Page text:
-- July 23, 1992: "Some Considerations Concerning the Response to Legislative Proposals on Nondiscrimination of Homosexual Persons," saying, "It is not unjust discrimination to take sexual orientation into account" when making laws concerning "adoption or foster care, in employment of teachers or athletic coaches and in military recruitment."
-- Sept. 14, 1994: "Letter to Bishops Regarding the Reception of Holy Communion by Divorced and Remarried Members of the Faithful," saying the church cannot ignore Jesus' clear teaching on the indissolubility of marriage and reaffirming that divorced and civilly remarried Catholics may not receive Communion.
-- Oct. 28, 1995: Response to questions about the doctrine contained in the apostolic letter, "Ordinatio Sacerdotalis," saying the church's teaching that women cannot be ordained priests belongs "to the deposit of faith" and has been taught "infallibly."
-- Jan. 2, 1997: Notification on the book "Mary and Human Liberation" by Sri Lankan Oblate Father Tissa Balasuriya, saying the book contained heretical statements regarding Mary, original sin, Christ's redemptive role and papal infallibility. The Oblate was excommunicated, but reconciled with the church a year later.
-- May 30, 1997: Revised "Regulations for Doctrinal Examination" of theologians and their work, encouraging a more direct role for the theologian's bishop or religious superior, allowing the possibility of naming an advocate and an adviser for the theologian, and permitting face-to-face meetings between the theologian and congregation members.
-- Aug. 15, 1997: Publication of the final Latin "typical edition" of the "Catechism of the Catholic Church," containing some corrections and additions to the 1992 text, including a stronger condemnation of the death penalty and an acknowledgment that science has not determined the cause of homosexuality.
-- June 24, 1998: Posthumous notification concerning the writings of Indian Jesuit Father Anthony De Mello, saying some of the priest's views "are incompatible with the Catholic faith and can cause grave harm." It particularly cited those views presenting God as an impersonal cosmic reality, organized religion as an obstacle to self-awareness and Jesus as one master among many.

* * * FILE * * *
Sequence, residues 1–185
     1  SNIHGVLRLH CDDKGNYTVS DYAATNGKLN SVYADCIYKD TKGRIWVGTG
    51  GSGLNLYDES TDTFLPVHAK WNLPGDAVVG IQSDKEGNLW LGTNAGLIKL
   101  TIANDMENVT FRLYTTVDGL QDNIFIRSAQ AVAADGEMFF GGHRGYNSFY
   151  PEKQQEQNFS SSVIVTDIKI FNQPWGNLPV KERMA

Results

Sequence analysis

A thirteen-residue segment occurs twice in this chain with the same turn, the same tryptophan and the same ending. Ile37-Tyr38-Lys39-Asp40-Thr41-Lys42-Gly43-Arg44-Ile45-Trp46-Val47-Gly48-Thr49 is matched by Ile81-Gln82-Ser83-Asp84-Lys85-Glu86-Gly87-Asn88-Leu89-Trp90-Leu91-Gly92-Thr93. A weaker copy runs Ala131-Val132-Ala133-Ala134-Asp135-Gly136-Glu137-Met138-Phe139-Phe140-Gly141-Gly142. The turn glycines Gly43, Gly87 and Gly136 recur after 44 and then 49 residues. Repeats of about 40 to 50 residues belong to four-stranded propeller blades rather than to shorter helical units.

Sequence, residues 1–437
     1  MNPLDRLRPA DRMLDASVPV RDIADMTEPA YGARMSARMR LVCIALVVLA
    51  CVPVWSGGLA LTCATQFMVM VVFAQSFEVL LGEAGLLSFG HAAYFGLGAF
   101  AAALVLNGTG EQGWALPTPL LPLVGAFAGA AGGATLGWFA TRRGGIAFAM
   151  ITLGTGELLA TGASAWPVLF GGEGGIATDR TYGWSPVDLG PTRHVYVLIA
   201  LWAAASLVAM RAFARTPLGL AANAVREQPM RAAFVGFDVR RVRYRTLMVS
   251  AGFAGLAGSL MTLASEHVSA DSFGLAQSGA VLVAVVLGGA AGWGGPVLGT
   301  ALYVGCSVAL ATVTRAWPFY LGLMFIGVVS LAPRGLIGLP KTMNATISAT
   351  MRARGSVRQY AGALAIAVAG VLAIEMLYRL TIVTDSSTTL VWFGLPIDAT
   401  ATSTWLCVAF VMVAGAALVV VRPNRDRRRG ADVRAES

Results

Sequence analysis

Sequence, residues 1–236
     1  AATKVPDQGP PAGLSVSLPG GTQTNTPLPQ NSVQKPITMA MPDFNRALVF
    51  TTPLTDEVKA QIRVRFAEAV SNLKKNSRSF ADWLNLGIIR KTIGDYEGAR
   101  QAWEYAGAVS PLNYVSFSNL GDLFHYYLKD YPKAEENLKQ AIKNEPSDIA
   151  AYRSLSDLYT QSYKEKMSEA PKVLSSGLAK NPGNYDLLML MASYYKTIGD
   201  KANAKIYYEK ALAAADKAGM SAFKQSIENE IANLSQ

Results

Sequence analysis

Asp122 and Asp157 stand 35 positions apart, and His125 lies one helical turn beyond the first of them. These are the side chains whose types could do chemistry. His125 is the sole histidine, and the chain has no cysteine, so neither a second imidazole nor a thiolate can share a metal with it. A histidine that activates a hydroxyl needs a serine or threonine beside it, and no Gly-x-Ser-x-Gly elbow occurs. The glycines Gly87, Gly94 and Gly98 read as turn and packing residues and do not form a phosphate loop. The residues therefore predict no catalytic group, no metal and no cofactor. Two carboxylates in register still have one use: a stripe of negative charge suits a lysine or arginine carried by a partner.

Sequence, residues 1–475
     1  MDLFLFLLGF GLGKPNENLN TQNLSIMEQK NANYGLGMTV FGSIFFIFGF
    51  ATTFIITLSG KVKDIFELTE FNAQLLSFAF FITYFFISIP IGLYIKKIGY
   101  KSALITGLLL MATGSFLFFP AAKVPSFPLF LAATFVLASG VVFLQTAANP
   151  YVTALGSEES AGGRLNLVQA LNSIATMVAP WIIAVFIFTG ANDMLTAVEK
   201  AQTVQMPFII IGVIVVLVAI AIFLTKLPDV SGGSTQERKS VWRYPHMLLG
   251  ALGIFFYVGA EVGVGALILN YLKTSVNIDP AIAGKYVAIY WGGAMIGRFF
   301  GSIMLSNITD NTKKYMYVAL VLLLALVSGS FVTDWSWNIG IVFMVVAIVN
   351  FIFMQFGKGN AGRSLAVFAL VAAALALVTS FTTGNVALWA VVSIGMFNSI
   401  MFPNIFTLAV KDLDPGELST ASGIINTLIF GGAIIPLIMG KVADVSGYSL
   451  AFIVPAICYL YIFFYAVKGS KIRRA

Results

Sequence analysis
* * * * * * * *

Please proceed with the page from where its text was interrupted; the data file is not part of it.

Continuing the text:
-- Oct. 31, 1998: "Considerations on 'The Primacy of the Successor of Peter in the Mystery of the Church,'" saying that, although Pope John Paul called for an ecumenical discussion of how primacy could be exercised in a united church, "the full communion desired by Christ among those who confess to be his disciples requires the common recognition of a universal ecclesial ministry," and the Catholic faith holds that that ministry belongs to the pope.
-- May 31, 1999: Notification regarding School Sister of Notre Dame Jeannine Gramick and Salvatorian Father Robert Nugent, barring the U.S. team from further pastoral ministry to homosexuals, saying they advanced "doctrinally unacceptable" positions "regarding the intrinsic evil of homosexual acts and the objective disorder of the homosexual inclination."
-- June 26, 2000: Publication of a 43-page booklet containing the complete "Message of Fatima," including the so-called "third secret" given to three Portuguese children in 1917. In his commentary, Cardinal Ratzinger said the third part of the message is a symbolic prophecy of the church's 20th-century struggles with evil political systems and of the church's ultimate triumph.
-- Aug. 6, 2000: "Dominus Iesus," a declaration on the "exclusive, universal and absolute" value of Jesus Christ and his church for salvation.
-- Sept. 14, 2000: "Instruction on Prayers for Healing," noting the importance of believing that God wants to free people from suffering, but encouraging local bishops to be vigilant that the services do not become occasions for hysteria or focus more on the so-called gift of healing possessed by certain individuals than on God.
-- Jan. 24, 2001: Notification on the book "Toward a Christian Theology of Religious Pluralism" by Belgian Jesuit Father Jacques Dupuis, warning that although Father Dupuis' intentions were good his 1997 book contained ambiguous statements and insufficient explanations that could lead readers to "erroneous or harmful conclusions" about Christ's role as the unique and universal savior.
-- Feb. 22, 2001: Notification regarding certain writings of Redemptorist Father Marciano Vidal, a Spanish moral theologian. At the congregation's request, the priest agreed to revise several of his books to emphasize the church's official position on contraception, homosexuality, masturbation, abortion and other issues.
-- May 18, 2001: Letter to all bishops "regarding the more serious offenses, 'graviora delicta' reserved to the Congregation for the Doctrine of the Faith." The letter said Pope John Paul had given the congregation juridical control over cases of sexual abuse of minors by priests, classifying it as one of several "graver offenses" against church law. The other offenses include acts committed by priests against the sanctity of the Eucharist and against the sacrament of penance.
-- July 1, 2001: Note on the doctrinal decrees concerning the thought and work of Father Antonio Rosmini, saying positions attributed to the Italian philosopher and condemned by the Vatican in 1887 did not accurately reflect Father Rosmini's thinking. The 2001 decision removed a major stumbling block to the 19th-century priest's beatification.
-- Aug. 5, 2002: Publication of the declaration of the excommunication of seven Catholic women from various countries who had attempted to be ordained Catholic priests. The congregation had sent them a warning July 10 asking them to indicate their "repentance for the most serious offense they had committed." The Vatican said the ordaining bishop, the leader of a breakaway church, had already been excommunicated.